Immunostaining is a general term in biochemistry that applies to any use of an antibody-based method to detect a specific protein in a sample. The term immunostaining was originally used to refer to the immunohistochemical staining of tissue sections, as first described by Albert Coons in 1941. Now however, immunostaining encompasses a broad range of techniques used in histology, cell biology, and molecular biology that utilise antibody-based staining methods.
Immunohistochemistry or IHC staining of tissue sections (or immunocytochemistry, which is the staining of cells), is perhaps the most commonly applied immunostaining technique. While the first cases of IHC staining used fluorescent dyes (see immunofluorescence), other non-fluorescent methods using enzymes such as peroxidase (see immunoperoxidase staining) and alkaline phosphatase are now used. These enzymes are capable of catalysing reactions that give a coloured product that is easily detectable by light microscopy. Alternatively, radioactive elements can be used as labels, and the immunoreaction can be visualized by autoradiography.
Tissue preparation or fixation is essential for the preservation of cell morphology and tissue architecture. Inappropriate or prolonged fixation may significantly diminish the antibody binding capability. Many antigens can be successfully demonstrated in formalin-fixed paraffin-embedded tissue sections. However, some antigens will not survive even moderate amounts of aldehyde fixation. Under these conditions, tissues should be rapidly fresh frozen in liquid nitrogen and cut with a cryostat. The disadvantages of frozen sections include poor morphology, poor resolution at higher magnifications, difficulty in cutting over paraffin sections, and the need for frozen storage. Alternatively, vibratome sections do not require the tissue to be processed through organic solvents or high heat, which can destroy the antigenicity, or disrupted by freeze thawing. The disadvantage of vibratome sections is that the sectioning process is slow and difficult with soft and poorly fixed tissues, and that chatter marks or vibratome lines are often apparent in the sections.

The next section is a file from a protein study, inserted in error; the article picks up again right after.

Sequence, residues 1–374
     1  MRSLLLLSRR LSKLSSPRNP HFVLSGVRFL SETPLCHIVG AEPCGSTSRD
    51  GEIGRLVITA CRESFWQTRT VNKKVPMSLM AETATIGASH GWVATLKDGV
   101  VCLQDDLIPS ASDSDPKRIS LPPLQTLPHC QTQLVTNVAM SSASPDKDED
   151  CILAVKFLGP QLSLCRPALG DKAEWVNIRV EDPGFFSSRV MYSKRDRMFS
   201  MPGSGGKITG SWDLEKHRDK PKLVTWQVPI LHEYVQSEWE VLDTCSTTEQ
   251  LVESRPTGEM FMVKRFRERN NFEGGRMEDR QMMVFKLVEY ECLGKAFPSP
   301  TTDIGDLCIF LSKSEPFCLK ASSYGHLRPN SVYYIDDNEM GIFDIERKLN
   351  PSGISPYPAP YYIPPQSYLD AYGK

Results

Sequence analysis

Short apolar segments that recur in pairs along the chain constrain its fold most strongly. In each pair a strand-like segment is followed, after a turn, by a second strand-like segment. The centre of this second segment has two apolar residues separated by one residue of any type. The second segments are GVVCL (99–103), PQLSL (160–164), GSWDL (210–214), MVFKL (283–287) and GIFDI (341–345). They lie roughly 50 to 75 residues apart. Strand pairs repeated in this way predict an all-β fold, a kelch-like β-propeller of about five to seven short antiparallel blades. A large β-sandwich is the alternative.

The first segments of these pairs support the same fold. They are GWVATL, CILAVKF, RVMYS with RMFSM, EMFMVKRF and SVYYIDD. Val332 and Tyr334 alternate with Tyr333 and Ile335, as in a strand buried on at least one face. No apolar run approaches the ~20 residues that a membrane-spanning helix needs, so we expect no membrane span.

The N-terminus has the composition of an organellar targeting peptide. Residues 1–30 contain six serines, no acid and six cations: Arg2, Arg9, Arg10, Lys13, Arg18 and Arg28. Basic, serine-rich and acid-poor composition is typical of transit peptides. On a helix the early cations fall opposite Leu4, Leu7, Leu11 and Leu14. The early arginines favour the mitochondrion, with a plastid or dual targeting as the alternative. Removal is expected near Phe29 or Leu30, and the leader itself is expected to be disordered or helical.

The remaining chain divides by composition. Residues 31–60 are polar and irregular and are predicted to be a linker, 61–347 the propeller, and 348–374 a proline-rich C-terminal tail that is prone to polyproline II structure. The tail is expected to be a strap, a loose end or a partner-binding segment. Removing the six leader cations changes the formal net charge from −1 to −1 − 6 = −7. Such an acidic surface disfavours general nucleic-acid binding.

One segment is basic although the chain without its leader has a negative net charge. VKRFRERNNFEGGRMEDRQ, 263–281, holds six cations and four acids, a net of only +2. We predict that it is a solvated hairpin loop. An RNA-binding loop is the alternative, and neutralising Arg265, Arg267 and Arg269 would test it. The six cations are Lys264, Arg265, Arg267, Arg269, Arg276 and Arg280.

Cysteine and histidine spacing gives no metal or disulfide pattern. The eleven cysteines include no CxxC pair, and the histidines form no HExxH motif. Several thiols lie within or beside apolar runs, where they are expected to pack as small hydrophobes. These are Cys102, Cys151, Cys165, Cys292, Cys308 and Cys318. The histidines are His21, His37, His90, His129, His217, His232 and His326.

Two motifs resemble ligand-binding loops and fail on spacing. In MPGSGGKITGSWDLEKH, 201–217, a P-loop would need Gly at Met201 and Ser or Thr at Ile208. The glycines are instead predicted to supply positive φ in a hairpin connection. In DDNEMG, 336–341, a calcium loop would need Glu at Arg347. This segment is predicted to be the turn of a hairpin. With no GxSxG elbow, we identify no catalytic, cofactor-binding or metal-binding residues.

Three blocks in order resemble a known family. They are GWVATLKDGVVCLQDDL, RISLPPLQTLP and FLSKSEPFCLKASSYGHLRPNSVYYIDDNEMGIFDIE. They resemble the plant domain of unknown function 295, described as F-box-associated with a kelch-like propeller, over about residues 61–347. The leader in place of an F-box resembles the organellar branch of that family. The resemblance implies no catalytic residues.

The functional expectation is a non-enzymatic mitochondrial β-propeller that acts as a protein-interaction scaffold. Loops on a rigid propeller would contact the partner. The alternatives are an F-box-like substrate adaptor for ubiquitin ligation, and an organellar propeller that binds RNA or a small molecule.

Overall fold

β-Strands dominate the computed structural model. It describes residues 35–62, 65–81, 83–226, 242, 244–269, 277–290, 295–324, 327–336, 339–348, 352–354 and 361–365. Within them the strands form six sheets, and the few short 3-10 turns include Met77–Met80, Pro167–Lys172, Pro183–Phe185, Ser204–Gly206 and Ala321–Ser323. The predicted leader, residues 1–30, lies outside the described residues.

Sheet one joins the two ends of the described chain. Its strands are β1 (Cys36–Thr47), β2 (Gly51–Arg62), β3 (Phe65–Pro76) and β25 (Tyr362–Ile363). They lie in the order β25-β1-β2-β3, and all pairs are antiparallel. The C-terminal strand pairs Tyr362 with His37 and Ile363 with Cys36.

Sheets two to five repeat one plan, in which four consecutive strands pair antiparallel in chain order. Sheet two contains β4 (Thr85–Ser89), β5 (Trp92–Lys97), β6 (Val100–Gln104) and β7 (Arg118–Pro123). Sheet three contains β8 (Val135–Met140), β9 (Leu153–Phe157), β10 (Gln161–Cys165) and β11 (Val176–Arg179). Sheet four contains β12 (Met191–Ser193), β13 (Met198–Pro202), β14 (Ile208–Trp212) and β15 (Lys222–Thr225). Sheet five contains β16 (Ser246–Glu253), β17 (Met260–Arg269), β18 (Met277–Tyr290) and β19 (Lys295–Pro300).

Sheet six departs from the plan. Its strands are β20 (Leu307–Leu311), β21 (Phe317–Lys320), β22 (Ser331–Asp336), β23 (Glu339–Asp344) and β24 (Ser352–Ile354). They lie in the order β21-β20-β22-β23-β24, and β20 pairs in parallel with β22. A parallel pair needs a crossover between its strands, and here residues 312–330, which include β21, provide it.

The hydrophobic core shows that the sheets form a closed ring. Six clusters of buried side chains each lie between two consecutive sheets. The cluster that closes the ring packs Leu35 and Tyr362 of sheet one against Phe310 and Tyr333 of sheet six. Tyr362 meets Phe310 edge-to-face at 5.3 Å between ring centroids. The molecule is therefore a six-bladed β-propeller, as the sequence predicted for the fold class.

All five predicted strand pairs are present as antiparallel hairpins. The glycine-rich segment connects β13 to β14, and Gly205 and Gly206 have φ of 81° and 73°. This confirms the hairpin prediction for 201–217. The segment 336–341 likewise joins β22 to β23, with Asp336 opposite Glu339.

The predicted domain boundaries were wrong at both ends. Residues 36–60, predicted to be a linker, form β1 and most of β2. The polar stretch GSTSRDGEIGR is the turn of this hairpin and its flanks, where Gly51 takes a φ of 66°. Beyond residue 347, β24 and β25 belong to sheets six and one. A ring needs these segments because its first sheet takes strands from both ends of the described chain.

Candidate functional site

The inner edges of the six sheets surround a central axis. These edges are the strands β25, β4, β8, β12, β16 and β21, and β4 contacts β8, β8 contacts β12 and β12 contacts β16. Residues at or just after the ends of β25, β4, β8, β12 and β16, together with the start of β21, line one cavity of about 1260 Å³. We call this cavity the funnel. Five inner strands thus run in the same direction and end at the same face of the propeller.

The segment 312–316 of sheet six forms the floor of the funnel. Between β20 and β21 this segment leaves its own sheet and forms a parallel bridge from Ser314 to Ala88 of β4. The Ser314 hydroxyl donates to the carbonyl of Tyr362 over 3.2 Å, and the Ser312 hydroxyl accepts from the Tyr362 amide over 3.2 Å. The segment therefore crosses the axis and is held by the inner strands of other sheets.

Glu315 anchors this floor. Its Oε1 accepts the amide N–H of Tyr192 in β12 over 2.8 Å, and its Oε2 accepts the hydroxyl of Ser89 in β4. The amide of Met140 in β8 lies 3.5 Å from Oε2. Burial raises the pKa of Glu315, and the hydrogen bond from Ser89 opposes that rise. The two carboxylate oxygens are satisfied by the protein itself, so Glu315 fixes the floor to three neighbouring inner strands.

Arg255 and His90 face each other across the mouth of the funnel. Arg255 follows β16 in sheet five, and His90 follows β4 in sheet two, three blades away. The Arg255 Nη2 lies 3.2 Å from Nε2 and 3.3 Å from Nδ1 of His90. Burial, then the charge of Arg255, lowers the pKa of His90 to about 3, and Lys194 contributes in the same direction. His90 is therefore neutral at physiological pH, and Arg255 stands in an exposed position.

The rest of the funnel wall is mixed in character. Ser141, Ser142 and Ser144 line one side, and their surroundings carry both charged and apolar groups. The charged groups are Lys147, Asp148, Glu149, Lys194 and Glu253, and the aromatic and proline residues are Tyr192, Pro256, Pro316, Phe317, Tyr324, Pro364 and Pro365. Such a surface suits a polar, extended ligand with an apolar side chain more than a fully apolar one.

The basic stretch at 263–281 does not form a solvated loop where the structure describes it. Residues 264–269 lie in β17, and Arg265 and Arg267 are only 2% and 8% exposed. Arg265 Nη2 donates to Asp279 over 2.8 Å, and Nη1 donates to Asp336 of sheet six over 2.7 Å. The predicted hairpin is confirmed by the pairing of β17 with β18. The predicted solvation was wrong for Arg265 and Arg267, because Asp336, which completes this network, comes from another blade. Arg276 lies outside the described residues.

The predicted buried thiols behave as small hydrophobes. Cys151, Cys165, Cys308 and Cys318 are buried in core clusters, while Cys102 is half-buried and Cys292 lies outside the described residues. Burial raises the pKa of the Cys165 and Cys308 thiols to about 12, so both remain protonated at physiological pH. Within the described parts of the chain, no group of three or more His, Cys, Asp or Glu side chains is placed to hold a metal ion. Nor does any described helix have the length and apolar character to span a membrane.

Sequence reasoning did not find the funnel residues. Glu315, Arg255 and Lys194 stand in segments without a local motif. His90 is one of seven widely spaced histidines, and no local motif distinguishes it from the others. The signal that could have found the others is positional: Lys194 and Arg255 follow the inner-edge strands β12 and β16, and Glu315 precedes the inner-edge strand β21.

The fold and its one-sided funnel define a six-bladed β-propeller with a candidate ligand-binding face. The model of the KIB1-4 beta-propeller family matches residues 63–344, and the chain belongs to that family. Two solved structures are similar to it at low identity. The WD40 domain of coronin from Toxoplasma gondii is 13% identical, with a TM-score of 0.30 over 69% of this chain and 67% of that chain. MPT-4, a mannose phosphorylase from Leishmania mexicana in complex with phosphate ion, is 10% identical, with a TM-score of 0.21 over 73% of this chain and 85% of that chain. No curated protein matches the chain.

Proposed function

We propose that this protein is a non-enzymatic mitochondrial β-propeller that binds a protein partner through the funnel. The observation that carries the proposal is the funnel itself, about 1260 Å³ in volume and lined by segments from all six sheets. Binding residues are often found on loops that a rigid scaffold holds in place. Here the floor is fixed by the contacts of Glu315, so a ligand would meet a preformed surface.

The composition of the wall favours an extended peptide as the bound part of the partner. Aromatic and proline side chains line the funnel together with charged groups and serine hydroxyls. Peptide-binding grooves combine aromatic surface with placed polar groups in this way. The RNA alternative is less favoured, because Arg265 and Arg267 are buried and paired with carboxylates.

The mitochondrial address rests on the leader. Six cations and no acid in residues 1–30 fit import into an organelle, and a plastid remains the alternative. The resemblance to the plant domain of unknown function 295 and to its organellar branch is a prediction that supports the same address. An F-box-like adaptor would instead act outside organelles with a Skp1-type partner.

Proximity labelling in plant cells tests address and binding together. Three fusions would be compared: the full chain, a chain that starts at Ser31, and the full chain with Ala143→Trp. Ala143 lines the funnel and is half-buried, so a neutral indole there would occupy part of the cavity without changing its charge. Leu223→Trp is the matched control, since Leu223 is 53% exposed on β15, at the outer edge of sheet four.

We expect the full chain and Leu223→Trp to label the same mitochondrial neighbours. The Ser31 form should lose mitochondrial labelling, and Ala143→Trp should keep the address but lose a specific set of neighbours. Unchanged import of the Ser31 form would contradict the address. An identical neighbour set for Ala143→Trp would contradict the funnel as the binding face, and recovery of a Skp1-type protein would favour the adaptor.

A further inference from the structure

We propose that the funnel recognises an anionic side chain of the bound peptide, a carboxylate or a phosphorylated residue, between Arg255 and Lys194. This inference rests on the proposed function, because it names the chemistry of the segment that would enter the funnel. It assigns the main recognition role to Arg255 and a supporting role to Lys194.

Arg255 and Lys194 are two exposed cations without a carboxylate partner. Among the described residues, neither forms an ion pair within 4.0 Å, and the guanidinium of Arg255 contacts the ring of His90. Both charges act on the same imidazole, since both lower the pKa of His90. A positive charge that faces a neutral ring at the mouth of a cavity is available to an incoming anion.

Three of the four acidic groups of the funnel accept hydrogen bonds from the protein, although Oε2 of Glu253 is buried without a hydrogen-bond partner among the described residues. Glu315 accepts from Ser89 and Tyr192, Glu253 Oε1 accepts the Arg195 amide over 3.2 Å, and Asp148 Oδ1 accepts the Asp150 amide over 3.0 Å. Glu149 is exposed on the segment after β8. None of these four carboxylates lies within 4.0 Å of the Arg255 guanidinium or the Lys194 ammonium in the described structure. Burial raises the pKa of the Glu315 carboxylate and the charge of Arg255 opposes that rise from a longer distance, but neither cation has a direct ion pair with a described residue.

The detection of many antigens can be dramatically improved by antigen retrieval methods that act by breaking some of the protein cross-links formed by fixation to uncover hidden antigenic sites. This can be accomplished by heating for varying lengths of times (heat induced epitope retrieval or HIER) or using enzyme digestion (proteolytic induced epitope retrieval or PIER).
One of the main difficulties with IHC staining is overcoming specific or non-specific background. Optimisation of fixation methods and times, pre-treatment with blocking agents, incubating antibodies with high salt, and optimising post-antibody wash buffers and wash times are all important for obtaining high quality immunostaining. In addition, the presence of positive and negative controls for staining are essential for determining specificity.
A flow cytometer can be used for the direct analysis of cells expressing one or more specific proteins. Cells are immunostained in solution using methods similar to those used for immunofluorescence, and then analysed by flow cytometry.
Flow cytometry has several advantages over IHC including: the ability to define distinct cell populations by their size and granularity; the capacity to gate out dead cells; improved sensitivity; and multi-colour analysis to measure several antigens simultaneously. However, flow cytometry can be less effective at detecting extremely rare cell populations, and there is a loss of architectural relationships in the absence of a tissue section. Flow cytometry also has a high capital cost associated with the purchase of a flow cytometer.
Western blotting allows the detection of specific proteins from extracts made from cells or tissues, before or after any purification steps. Proteins are generally separated by size using gel electrophoresis before being transferred to a synthetic membrane via dry, semi-dry, or wet blotting methods. The membrane can then be probed using antibodies using methods similar to immunohistochemistry, but without a need for fixation. Detection is typically performed using peroxidase linked antibodies to catalyse a chemiluminescent reaction.